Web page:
Anonymous | Posted: 3 Apr 2003 | Updated: 29 Jun 2018

Brooke Cadiente, The True Cougar Competitor

Senior Brooke Cadiente is the only remaining player from the original 2000 roster of the first season of BYU softball, making her the first four-year letter winner in the history of the program. Over the past three seasons, Cadiente has provided leadership and won several awards and is still doing so as this year's team captain.

In fact, she went a perfect 7-7 with a home run, two triples, two doubles, nine RBI, and six runs scored in the home opener against Utah State on March 14-15 at Gail Miller Park and is a key contributor to this year's team that is off to the fastest start in school history.

"I had a lot of fun out there playing in front of my parents," Cadiente said of her performance that garnered Mountain West Conference Player of the Week, the third of her prestigious career.

Her parents have always been an inspiration to her athletic career. "Ever since I can remember, I have been involved in sports whether it was basketball or powder-puff football."

Cadiente started playing fast-pitch competitively in the summer in 10th grade. She played only three years of competitive fast-pitch, which is a late start by ASA fast-pitch standards, but she comes from a baseball family and had a natural instinct for the game.

Recollecting her high school years of ASA softball Cadiente said," I counted six tan lines at one time from all the time spent on the field."

Her brother, Brett, played baseball for one year at San Diego State. After his mission he played at Arizona State and played on the AA and AAA minor league team of the Texas Rangers, who drafted him in the ninth round.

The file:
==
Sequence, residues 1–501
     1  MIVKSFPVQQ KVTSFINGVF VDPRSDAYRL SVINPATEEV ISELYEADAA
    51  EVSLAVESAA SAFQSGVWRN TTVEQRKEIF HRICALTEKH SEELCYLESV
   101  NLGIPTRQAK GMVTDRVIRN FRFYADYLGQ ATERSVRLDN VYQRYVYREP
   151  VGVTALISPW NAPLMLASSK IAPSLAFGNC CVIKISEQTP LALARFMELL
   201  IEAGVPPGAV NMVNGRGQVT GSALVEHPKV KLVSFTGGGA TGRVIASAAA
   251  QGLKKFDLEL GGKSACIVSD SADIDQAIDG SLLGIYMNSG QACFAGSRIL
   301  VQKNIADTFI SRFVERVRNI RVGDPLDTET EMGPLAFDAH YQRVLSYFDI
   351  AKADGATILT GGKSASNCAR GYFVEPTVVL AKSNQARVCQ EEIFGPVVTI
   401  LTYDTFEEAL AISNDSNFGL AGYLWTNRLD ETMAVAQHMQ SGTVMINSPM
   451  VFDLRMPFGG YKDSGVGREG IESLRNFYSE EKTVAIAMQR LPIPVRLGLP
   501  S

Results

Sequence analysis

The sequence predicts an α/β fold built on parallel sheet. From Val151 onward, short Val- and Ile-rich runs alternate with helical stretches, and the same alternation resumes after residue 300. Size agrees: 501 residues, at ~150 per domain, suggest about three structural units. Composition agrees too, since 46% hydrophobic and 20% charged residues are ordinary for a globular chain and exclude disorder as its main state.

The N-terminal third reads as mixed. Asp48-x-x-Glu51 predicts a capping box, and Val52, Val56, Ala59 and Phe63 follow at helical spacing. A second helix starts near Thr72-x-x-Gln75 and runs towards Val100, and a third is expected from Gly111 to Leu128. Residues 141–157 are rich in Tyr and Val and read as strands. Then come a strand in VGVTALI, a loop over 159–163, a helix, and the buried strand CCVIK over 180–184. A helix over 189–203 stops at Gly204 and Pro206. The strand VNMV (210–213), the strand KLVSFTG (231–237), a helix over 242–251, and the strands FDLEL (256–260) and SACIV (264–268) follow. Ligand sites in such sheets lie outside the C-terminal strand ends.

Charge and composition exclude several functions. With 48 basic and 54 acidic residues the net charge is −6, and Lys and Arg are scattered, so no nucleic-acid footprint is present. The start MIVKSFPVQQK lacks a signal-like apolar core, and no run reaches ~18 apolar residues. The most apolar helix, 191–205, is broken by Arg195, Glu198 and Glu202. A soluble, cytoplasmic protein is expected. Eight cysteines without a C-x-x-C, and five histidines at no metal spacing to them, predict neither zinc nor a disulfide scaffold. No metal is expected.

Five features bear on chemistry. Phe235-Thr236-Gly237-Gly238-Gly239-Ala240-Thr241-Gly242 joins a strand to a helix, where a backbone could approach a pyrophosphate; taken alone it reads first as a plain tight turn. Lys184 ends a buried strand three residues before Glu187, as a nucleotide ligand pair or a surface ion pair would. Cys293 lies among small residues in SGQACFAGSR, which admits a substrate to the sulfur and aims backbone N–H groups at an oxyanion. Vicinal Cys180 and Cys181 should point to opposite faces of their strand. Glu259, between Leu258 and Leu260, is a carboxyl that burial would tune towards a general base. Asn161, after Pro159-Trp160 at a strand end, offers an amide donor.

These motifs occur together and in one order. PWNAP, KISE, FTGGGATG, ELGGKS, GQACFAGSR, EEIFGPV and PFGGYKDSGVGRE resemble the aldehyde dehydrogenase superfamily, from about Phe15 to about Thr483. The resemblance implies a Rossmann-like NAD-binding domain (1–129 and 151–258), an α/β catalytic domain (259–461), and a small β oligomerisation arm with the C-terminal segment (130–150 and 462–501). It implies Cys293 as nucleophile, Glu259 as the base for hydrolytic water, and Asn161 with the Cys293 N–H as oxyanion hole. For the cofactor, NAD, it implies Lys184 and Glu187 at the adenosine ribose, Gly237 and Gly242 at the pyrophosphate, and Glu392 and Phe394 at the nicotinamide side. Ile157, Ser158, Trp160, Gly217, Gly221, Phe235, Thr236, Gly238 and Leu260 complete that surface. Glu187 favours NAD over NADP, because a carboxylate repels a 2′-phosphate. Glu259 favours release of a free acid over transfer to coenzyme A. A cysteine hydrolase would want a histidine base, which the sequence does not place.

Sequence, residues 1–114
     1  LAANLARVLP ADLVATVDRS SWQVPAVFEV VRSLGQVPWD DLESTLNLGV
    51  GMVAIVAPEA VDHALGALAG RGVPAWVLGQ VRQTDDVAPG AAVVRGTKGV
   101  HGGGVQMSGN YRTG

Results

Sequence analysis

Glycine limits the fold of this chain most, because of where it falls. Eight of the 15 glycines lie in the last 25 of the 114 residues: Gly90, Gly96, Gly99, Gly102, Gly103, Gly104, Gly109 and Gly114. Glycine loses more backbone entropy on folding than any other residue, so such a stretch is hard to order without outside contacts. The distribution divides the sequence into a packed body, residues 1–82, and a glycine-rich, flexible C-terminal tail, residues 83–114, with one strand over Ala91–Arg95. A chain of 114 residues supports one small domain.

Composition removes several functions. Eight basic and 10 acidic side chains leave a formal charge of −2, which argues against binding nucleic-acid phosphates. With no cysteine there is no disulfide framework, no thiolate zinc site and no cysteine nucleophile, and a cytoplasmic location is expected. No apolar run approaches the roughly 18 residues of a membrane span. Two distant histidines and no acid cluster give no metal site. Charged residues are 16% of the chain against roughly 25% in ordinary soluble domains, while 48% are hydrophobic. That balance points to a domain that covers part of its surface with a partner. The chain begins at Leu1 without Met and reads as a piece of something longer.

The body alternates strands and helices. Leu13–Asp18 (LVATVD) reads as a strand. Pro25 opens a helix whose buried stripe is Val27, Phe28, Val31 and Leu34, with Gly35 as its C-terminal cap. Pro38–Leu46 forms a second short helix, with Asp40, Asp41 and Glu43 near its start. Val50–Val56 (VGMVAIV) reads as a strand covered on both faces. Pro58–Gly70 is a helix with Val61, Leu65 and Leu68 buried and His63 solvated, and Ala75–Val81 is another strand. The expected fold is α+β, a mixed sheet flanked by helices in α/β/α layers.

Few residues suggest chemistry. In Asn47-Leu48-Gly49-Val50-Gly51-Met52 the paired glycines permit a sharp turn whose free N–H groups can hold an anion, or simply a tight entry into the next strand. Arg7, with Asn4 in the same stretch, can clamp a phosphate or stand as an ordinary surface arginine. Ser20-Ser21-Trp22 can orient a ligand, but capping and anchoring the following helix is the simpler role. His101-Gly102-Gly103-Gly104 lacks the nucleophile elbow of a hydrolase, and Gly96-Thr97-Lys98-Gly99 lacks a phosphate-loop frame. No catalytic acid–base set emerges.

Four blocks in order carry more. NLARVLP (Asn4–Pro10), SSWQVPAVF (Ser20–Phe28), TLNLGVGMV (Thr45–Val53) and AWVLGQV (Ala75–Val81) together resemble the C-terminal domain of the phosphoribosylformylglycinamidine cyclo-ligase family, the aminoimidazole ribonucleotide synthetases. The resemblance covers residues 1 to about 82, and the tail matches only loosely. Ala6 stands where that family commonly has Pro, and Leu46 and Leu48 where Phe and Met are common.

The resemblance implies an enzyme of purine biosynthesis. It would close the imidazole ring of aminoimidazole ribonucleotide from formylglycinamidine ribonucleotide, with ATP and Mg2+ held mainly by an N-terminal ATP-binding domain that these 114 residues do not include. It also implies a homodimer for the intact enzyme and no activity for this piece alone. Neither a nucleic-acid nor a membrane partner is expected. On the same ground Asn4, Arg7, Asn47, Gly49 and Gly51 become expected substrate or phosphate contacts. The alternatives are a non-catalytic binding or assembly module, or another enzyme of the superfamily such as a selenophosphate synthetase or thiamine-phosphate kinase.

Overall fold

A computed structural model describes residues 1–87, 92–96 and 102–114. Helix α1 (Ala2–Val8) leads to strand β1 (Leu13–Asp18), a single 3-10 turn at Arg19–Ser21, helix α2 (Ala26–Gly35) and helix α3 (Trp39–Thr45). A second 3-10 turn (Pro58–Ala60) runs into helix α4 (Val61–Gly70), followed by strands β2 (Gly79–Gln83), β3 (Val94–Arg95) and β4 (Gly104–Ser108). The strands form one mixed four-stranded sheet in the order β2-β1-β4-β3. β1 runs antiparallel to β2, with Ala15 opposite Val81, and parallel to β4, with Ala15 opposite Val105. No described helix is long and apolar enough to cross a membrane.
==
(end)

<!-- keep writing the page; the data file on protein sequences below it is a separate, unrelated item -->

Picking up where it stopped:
Her other brother, Garron, played college baseball at Scottsdale Community College. Her grandpa on her mother's side played college baseball and her uncle, Don Hannah, played for former BYU baseball coach Gary Pullins at Arizona State. (Pullins was pitching coach and Don was a pitcher)

Although several universities recruited Cadiente including Ricks (now BYU-Idaho), Utah State, Dartmouth, and Kentucky, she always wanted to come to BYU.

"We have some pictures of Brooke when she was five years old wearing Cougar apparel," her parents, Ron and Pam, said.

"I didn't want to play on Sundays and I also wanted to go out of state," Brooke said, a native of Mesa, Ariz. "I wanted to feel like I was on my own and independent, and playing out of state would help me establish that."

Her father noticed a clip in the Church News that BYU would be starting a softball team when Brooke was a senior in high school. The family made a videotape and sent it in to newly called head coach Mary Kay Amicone.

Amicone saw Cadiente's potential and offered her a scholarship to play for BYU. Cadiente was an immediate impact for the Cougars during their inaugural season, starting in 41 of 43 games as a freshman and led the team in home runs with four and was second in RBI with 18.

"That first year was crazy and insane," Cadiente said. "There was no field, no set schedule, and I was always running late for practice. I was exhausted from working out. The physical and emotional transition was tough."

That team finished next to last in the conference and made an early exit from the conference tournament. Things would turn around the next season as a late season run placed BYU in first place and they rolled on to win the conference tournament and advance to the NCAAs in only its second season as a program.